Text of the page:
New Features for Logical Standby in Oracle Database 10g

Many of the issues faced by customers implementing Logical standby databases in 9i have been either completely solved or, at the very least, improved upon considerably in Oracle Database 10g.  The main issues usually are the work that has to be done to create a logical standby database, the lack of support for certain types of data and tables, the lag time for a Logical standby database to be caught up with the Primary database and general monitoring and management the DBA can and has to do.  This next section discusses the following subjects and how Data Guard has improved them in Oracle Database 10g.

The first thing a potential logical standby customer runs into is the complexity and delicateness of creating their logical Standby database.  Not only is there a lot of up front work that has to be done, there are also lots of steps that must be followed to the letter for SQL Apply to function correctly.  In addition, to get a logical standby setup you had to either use a current cold backup of your primary database or attempt to quiesce the production database in order to get a consistent view of the transactions.  The fact that a number of customers in spite of these drawbacks are and have been willing to undertake this adventure is a solid testimonial to the value of the Logical Standby technology and to the functionality of the current 9i version.
So, what will Data Guard SQL Apply in Oracle Database 10g bring to the table to make the life of the customer easier and make the procedure of setting up their logical standby databases more bullet proof?

The ability to setup your logical standby without bringing down the Production database or even affecting the progress of the users and removing the dependency on the Resource Manager if you wanted to use a hot backup of the primary database.

How does it work?

Quite simply, in Oracle Database 10g a logical standby starts its life as a pseudo physical standby until it has reached the point where there are no in flight transactions, and then morphs into a full logical standby.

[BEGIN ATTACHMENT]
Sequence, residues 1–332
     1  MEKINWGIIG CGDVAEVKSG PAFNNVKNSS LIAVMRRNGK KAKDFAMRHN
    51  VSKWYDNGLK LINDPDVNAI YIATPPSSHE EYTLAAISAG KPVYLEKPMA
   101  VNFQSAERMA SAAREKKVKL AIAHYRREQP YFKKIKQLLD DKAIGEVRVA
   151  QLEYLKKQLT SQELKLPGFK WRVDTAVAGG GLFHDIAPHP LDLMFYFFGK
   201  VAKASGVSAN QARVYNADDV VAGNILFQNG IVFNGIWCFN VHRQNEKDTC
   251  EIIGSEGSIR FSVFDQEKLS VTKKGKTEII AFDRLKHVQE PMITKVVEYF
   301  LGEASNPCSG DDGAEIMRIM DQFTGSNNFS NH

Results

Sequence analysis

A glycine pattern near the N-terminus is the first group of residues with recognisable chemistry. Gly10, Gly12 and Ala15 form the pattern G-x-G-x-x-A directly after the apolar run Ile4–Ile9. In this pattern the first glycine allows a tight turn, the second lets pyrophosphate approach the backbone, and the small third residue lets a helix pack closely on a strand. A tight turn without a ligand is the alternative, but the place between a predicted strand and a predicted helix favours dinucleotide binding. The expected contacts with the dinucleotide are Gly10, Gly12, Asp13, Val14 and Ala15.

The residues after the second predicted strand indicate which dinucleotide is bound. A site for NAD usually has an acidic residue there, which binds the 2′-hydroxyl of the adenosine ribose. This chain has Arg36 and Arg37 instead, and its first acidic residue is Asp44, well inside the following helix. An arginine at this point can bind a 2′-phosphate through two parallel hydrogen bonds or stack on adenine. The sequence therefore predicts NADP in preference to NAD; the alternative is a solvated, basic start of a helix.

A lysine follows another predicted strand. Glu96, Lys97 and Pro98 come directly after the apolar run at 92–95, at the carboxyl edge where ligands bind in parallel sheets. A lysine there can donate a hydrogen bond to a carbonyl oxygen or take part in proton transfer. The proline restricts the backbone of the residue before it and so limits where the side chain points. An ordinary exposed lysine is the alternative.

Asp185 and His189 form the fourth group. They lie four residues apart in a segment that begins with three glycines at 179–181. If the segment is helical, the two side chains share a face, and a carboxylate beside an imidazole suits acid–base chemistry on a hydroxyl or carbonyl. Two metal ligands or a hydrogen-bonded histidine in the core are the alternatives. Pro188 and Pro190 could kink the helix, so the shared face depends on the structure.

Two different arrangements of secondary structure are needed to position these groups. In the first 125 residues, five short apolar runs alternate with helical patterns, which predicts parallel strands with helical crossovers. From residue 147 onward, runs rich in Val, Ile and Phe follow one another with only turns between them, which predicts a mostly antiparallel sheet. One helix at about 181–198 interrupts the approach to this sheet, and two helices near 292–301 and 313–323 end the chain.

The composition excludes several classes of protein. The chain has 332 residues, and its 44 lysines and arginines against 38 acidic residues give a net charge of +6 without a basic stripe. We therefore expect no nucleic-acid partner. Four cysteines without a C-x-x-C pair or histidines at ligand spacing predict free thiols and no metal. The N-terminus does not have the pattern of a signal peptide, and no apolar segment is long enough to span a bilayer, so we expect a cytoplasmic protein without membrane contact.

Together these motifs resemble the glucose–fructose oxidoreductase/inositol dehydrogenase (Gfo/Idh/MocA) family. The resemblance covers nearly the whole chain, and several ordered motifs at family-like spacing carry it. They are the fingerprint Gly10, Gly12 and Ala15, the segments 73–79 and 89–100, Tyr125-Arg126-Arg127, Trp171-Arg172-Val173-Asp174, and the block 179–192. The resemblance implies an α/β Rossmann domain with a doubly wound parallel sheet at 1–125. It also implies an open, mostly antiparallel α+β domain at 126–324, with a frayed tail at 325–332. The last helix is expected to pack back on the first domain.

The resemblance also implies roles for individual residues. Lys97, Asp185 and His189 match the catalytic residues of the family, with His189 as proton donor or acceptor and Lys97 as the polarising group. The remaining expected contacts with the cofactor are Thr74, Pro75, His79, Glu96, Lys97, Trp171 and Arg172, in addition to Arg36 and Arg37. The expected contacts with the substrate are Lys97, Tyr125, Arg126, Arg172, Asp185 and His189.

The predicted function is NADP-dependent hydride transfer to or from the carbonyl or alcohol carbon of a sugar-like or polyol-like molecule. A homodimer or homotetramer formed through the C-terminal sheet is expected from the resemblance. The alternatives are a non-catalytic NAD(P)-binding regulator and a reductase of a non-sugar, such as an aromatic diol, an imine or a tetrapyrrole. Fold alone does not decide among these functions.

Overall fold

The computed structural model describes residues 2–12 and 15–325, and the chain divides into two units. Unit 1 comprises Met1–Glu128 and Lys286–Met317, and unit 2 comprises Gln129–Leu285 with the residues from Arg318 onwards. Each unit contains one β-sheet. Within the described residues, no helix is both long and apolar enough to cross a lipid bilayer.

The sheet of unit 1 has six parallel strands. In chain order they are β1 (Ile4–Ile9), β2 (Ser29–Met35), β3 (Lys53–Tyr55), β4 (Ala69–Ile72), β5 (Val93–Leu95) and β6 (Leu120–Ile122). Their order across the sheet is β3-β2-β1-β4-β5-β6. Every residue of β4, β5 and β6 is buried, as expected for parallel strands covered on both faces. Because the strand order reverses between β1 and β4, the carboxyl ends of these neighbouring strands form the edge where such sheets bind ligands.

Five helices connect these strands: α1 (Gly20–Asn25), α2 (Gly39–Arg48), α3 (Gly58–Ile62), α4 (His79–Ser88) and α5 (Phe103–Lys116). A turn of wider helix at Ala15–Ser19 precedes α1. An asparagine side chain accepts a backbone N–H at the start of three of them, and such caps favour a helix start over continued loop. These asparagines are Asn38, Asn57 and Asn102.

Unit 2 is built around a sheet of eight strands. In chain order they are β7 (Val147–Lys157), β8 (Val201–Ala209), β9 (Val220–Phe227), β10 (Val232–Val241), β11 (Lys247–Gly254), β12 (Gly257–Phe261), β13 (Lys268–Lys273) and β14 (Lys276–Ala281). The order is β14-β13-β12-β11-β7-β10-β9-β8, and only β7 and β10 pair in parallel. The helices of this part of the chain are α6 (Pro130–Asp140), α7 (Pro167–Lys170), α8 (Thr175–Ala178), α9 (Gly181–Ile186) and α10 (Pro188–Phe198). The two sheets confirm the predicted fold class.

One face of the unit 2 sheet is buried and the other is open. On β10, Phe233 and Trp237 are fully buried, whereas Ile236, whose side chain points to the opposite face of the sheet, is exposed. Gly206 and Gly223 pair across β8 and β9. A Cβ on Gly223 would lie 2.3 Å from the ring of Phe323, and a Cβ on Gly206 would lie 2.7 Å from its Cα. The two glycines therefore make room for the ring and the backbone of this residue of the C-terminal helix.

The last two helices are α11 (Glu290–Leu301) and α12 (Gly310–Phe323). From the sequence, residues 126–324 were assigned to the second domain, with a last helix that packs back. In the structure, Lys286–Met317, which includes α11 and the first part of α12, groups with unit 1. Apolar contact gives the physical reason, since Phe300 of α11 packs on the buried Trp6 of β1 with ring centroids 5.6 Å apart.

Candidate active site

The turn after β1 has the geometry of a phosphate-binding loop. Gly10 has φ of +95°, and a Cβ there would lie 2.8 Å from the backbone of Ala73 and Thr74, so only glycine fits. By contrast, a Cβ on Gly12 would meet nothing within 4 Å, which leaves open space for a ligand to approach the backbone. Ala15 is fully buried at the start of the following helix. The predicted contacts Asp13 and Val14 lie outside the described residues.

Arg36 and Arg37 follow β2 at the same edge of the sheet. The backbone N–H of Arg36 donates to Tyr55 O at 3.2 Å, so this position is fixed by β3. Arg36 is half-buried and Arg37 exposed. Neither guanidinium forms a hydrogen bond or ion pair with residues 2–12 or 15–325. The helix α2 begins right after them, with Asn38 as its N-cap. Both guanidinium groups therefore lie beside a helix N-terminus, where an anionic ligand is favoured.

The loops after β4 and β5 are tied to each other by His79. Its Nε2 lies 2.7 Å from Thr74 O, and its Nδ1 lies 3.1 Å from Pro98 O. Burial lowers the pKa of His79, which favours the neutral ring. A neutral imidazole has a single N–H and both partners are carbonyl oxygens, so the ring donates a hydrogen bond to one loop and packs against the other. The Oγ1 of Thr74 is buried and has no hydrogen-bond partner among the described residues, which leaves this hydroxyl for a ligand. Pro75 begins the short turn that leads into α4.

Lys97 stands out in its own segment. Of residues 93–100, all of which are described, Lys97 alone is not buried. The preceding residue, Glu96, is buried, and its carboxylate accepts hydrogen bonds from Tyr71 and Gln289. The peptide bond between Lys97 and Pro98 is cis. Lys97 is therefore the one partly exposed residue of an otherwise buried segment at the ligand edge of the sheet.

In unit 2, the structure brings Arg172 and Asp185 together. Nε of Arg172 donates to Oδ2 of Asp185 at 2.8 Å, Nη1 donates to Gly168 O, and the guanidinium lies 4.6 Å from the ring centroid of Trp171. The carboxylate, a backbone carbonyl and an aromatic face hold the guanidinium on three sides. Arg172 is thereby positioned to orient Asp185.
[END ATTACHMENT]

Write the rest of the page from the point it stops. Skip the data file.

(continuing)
You still have to make sure the primary database can support a logical standby database to your needs and is ready to do so.  This includes checking for unsupported tables (a lot less now), checking uniqueness of the tables and turning on FORCE LOGGING, SUPPLEMENTAL LOGGING and, of course, ARCHIVELOG mode.  If you don’t have a password file you need to create one now as it will be required on both sides of your configuration.  The following are the general steps required to create a Logical Standby database in Oracle Database 10g.

1.Take an on-line backup of your primary database. (For that matter you can take ANY backup of your Primary database, even last Sunday’s as long as you have the Archive Logs available to bring it up to date, automatically!)

2.Create a logical standby control file.  SQL Apply has its own control file now.  The syntax is the same as for physical with the keyword ‘PHYSICAL’ replaced with ‘LOGICAL’.  ALTER DATABASE CREATE LOGICAL STANDBY CONTROL FILE AS ‘LOGSTNDBY.CTL’; It is as simple as that.    A lot of the manual steps in 9i are automated and hidden behind this one simple command.  The dictionary build is started automatically, the start and end SCN numbers of the build are stored in the control file and the control file is marked as a Physical/Logical control file making the transformation to a full logical standby that much easier later.